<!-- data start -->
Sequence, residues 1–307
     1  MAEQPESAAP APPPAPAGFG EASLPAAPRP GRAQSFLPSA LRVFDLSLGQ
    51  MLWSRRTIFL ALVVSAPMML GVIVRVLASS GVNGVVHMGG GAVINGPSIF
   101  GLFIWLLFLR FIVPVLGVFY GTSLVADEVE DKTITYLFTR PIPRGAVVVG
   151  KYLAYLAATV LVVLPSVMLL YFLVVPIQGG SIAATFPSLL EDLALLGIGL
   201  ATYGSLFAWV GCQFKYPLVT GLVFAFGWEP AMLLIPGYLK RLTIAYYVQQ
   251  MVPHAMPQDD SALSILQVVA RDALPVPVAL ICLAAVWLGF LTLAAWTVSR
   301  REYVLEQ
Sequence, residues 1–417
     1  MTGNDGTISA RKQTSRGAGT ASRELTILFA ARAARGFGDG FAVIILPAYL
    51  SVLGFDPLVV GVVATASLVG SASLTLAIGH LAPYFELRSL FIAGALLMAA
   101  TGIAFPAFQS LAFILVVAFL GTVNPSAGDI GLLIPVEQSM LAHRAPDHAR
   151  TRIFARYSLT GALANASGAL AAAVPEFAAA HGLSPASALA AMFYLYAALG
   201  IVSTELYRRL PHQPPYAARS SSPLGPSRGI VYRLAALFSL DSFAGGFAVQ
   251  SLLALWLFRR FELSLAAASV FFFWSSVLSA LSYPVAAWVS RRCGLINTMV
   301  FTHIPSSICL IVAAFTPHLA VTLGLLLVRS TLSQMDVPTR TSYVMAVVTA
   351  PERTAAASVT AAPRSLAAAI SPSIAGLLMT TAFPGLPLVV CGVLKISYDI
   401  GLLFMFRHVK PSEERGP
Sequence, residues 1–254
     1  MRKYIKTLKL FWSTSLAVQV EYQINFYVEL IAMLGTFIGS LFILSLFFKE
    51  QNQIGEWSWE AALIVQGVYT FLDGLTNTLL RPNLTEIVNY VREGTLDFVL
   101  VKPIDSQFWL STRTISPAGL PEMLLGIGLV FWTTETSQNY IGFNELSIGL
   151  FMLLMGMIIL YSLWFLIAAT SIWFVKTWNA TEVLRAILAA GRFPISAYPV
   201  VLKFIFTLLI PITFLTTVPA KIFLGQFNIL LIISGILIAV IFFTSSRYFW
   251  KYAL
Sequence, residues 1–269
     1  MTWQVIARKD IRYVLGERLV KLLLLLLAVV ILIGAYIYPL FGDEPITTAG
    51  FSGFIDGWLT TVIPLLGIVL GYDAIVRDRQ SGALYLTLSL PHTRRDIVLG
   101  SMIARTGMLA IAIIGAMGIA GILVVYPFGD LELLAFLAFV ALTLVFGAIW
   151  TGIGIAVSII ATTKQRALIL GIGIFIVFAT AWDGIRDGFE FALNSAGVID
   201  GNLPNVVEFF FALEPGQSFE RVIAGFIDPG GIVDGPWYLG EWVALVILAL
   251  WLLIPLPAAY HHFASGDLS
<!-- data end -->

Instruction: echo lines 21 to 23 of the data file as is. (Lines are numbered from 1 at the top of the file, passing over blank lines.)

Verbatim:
    51  QNQIGEWSWE AALIVQGVYT FLDGLTNTLL RPNLTEIVNY VREGTLDFVL
   101  VKPIDSQFWL STRTISPAGL PEMLLGIGLV FWTTETSQNY IGFNELSIGL
   151  FMLLMGMIIL YSLWFLIAAT SIWFVKTWNA TEVLRAILAA GRFPISAYPV